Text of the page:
Author(s): Stadnyk AW
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Abstract The intestinal epithelium has long been known to provide nonspecific defences such as mucus, lysozyme and transport of secretory immunoglobulin via the polyimmunoglobulin receptor. In the past decade, the realization emerged that enterocytes secrete molecules (cytokines) that regulate inflammation. As the focus tightened on this new role as sentinel, so has the interest in enterocyte production of cytokines with chemoattractant properties for leukocytes - the chemokines. Neutrophils are a prominent feature of the cellular infiltrate in various inflammatory diseases, and early reports indicated that epithelial cells secrete neutrophil chemoattractants. More recently, it has been shown that the cells also secrete chemokines for monocytes and lymphocytes. Some of these chemokines appear to be important in the uninflamed intestine but become increased during disease. While a great deal of knowledge has been gained regarding the circumstances leading to chemokine production by epithelial cells, the application of this understanding to the treatment of human intestinal diseases is lacking. Closing this gap is necessary to take advantage of emerging therapies aimed at blocking chemokine function.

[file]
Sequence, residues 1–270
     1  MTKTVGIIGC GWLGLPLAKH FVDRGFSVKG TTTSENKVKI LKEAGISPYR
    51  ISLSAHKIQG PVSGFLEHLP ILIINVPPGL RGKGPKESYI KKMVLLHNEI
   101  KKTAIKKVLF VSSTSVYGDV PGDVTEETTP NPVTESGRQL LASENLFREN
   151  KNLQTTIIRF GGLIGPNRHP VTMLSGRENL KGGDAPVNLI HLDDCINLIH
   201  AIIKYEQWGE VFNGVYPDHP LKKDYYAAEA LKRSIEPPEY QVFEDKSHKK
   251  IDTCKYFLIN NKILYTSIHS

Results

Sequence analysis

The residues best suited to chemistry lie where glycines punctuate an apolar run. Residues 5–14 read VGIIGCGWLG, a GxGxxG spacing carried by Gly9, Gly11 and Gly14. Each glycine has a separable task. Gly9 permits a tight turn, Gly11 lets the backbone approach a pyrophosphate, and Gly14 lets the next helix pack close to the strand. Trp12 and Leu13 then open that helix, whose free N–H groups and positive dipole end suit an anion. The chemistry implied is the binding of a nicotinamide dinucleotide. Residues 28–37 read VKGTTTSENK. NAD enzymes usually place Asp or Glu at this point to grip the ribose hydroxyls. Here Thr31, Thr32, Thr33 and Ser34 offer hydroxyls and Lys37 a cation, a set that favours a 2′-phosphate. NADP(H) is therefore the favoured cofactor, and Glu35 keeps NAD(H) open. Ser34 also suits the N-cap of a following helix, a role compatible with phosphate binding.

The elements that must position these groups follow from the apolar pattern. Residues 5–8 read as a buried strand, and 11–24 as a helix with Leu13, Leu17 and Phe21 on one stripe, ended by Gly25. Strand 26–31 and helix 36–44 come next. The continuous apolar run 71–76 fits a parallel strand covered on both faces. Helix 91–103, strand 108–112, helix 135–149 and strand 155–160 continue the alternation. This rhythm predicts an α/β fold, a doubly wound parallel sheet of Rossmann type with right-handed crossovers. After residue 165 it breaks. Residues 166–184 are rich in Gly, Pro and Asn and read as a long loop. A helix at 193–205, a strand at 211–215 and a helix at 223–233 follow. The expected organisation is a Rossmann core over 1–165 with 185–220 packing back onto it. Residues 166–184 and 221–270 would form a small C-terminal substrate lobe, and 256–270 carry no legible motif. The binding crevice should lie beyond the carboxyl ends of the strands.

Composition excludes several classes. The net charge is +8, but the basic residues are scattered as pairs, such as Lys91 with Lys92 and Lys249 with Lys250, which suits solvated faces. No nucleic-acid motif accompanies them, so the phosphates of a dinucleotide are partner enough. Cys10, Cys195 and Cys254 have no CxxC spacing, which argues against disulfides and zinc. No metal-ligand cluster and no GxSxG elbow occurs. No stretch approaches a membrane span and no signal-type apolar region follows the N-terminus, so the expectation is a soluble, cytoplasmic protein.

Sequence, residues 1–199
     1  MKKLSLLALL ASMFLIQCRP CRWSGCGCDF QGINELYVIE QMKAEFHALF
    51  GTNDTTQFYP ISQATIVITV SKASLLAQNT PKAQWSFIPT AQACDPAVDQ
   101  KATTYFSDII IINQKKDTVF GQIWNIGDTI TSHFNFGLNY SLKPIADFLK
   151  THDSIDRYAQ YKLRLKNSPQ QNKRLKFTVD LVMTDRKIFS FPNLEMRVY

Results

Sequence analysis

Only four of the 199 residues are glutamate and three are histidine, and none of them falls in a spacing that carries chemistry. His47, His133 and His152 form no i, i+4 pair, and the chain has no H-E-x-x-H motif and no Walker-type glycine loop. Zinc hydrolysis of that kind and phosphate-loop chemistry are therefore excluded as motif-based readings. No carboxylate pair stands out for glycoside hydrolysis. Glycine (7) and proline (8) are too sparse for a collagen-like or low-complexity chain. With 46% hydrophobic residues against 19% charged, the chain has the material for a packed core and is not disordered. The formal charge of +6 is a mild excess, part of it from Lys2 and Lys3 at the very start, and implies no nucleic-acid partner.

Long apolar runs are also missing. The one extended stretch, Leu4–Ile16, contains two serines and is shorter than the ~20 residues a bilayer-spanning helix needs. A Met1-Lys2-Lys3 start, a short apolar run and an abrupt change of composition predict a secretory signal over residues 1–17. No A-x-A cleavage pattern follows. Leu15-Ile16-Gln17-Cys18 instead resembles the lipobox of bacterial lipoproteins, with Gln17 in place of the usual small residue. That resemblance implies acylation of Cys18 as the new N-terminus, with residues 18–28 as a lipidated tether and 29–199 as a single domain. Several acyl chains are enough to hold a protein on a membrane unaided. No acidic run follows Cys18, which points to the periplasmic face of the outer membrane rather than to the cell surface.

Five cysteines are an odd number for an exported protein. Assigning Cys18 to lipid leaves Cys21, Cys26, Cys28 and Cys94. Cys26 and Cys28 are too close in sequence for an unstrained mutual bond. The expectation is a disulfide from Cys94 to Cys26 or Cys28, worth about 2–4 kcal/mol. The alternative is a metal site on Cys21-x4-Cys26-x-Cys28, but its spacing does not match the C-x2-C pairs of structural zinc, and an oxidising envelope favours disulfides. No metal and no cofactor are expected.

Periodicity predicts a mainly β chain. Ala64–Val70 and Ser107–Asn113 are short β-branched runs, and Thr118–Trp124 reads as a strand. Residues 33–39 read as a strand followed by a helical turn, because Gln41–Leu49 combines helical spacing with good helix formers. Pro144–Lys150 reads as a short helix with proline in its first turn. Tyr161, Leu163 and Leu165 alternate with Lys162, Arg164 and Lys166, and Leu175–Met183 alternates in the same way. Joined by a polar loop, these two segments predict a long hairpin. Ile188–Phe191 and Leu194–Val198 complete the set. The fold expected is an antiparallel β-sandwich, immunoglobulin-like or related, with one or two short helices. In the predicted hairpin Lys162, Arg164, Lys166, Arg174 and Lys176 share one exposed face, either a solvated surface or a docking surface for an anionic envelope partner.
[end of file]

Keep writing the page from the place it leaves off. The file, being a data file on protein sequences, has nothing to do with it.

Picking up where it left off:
This article was published in Can J Gastroenterol
and referenced in Journal of Gastrointestinal & Digestive System